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Can anyone help me with this question, I can't get the right answer :-)

A water reservoir with depth D=200m, which is placed H=500m above on a mountain. A pipe is placed from the bottom of the reservoir to the bottom of the mountain. This pipe has two cross-section areas $A_1=10m^2$ and $A_2=5m^2$. The atmospheric pressure in the bottom is $p_2=100kPa$ and the air density down here is $\rho_2=1 kg/m^3$ and waters density is $\rho_w=1000 kg/m^3$.

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What is the atmospheric pressure $p_0$ at the surface of the reservoir?
It has to be 93 kPa



My attempt on a solution:

I know I need to use Bernoulli's equations:

$$ p_{0}+\rho_w g(H+D)+\frac{1}{2} \rho_w v_{0}^{2}=k $$ $$ p_{1}+\rho_w g H+\frac{1}{2} \rho_w v_{1}^{2}=k $$ $$ p_{2}+\rho_w g(0)+\frac{1}{2} \rho_w v_{2}^{2}=k $$

And the continuity equation. $$ A_{1} v_{1}=A_{2} v_{2} $$

Usually I would assume $v_{0} \simeq 0$, but they don't mention that the surface area is much larger than the two cross sections. So can I still assume this, or should I forget about the first equation?

But so far (assuming v0=0), I got 4 equations and 5 unknowns.

We are assuming the water got the same density. And if the water is a standing liquid (v0=0), we could calculate $$ p_{1}=p_{0}+\rho_{w} g D $$

But solving this system of equations gives me: $$ p_{0}=p_{2}-\rho_{w} g(H+D), $$ which is completely wrong, since I get a negative pressure and the cross sections areas becomes irrelevant. How do I solve this exercise? And why do I even need to know the density of the air at the bottom of the mountain?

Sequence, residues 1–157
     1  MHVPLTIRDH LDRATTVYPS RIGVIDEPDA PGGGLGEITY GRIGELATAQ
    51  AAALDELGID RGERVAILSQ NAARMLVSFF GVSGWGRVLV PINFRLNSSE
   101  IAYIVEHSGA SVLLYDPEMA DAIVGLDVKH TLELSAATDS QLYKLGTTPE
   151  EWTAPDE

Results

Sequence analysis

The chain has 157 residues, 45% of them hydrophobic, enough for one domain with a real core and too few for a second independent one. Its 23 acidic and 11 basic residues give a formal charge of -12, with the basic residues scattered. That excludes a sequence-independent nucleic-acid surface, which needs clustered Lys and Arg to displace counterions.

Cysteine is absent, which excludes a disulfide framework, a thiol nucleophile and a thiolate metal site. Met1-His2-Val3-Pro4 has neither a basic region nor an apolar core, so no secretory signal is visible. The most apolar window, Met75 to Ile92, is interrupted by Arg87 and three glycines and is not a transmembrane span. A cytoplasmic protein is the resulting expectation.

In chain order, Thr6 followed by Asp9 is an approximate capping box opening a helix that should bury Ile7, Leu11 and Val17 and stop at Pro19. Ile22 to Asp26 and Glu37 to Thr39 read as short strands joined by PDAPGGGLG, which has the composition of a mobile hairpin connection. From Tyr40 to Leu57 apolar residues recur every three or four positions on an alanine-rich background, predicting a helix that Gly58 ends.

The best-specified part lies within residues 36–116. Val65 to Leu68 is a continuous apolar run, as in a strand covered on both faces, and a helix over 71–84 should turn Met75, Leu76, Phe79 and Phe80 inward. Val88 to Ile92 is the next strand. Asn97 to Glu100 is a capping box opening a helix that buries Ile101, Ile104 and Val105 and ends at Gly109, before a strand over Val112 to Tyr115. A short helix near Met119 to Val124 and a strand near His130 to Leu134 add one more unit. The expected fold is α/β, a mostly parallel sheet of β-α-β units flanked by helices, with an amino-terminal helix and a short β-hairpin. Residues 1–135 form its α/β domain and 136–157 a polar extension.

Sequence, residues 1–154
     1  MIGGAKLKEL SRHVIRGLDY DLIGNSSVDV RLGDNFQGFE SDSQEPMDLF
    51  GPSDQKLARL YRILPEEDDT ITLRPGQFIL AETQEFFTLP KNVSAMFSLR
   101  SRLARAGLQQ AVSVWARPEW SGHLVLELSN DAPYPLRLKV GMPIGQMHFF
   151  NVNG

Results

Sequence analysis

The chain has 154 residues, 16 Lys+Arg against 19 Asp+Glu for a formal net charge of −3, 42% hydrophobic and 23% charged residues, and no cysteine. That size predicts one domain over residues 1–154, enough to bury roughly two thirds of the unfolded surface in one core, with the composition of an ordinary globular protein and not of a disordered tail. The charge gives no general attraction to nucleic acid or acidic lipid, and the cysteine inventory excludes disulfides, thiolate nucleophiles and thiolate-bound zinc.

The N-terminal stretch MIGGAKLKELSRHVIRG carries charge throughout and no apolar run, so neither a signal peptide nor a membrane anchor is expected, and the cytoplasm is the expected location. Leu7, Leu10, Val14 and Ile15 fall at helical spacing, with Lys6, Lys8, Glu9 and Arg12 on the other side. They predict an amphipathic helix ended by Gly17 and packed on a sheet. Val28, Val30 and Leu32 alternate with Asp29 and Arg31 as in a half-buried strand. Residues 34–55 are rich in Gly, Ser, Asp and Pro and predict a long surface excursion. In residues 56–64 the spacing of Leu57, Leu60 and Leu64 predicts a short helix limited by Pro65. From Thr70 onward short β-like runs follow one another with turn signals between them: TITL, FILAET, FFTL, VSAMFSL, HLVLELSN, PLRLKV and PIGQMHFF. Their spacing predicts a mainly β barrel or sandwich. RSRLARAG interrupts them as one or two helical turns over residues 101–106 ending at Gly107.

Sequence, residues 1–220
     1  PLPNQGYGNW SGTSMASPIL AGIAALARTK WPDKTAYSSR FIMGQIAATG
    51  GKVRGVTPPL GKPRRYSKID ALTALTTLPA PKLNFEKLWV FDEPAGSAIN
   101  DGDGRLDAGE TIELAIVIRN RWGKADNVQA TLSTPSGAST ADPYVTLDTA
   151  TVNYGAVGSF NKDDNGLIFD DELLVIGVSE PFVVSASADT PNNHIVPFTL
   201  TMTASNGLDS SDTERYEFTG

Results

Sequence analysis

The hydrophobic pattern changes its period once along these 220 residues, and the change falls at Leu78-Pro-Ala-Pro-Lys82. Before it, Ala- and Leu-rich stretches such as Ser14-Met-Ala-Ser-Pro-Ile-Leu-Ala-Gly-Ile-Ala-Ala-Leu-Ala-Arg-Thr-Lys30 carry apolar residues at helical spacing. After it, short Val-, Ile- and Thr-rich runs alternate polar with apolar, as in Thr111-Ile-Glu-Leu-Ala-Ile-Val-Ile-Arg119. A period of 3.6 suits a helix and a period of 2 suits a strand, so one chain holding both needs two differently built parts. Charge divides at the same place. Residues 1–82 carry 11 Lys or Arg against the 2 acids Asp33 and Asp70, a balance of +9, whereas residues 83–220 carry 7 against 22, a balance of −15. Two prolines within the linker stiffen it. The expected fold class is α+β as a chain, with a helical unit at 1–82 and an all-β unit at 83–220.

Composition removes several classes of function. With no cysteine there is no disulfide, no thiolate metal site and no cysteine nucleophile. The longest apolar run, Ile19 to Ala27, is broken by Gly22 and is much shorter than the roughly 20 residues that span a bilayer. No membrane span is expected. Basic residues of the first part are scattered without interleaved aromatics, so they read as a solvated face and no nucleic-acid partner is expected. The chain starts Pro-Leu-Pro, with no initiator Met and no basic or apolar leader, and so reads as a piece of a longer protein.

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  • $\begingroup$ Static water pressure only depends on depth below the surface, so you don't need most of the data in your problem. Also, at the bottom of a 700 m column of water, it's not possible to have a pressure of 100 kPa. The pressure should be at least 70 times that value. Also, note that the pressure $P_0$ should be equal to the local atmospheric pressure. $\endgroup$ Aug 17, 2019 at 21:25
  • $\begingroup$ @DavidWhite But my final result also gives me, that the pressure p2 only depends on the atmospheric pressure p0 and the depth below the surface (and water density + g). But why is the correct result of the pressure $P_0=93kPa$? But the water is not static, so that's probably where the issue are. $\endgroup$
    – mhj
    Aug 17, 2019 at 21:31
  • $\begingroup$ $P_0$ is a boundary condition, not something that you calculate. You start at the value of $P_0$, and calculate pressures going down the mountain from there. $\endgroup$ Aug 17, 2019 at 21:33
  • $\begingroup$ @DavidWhite: "it's not possible to have a pressure of 100 kPa". I think it's meant to be the atmospheric pressure at $P2$. $\endgroup$
    – Gert
    Aug 17, 2019 at 21:34
  • $\begingroup$ @DavidWhite - Well, it's an exam question and I know the correct answer is $P_0=93kPa$ - So it has to be possible to calculate. $\endgroup$
    – mhj
    Aug 17, 2019 at 21:36

1 Answer 1

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Either you are leaving something out or it is a very bad exam question. The problem does not indicate that the water is moving, so presumably it is a hydrostatic problem. In that case the water does not matter and you just need to know how the atmospheric presure varies with height. To know that you have to know the air temperature profile which is not given.

If the water is moving, and you are supposed to use Bernoulli, then you need to know the flow rate at the exit point, which is not given.

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  • $\begingroup$ You are correct: there is no solution here w/o extra information. $\endgroup$
    – Gert
    Aug 17, 2019 at 22:18

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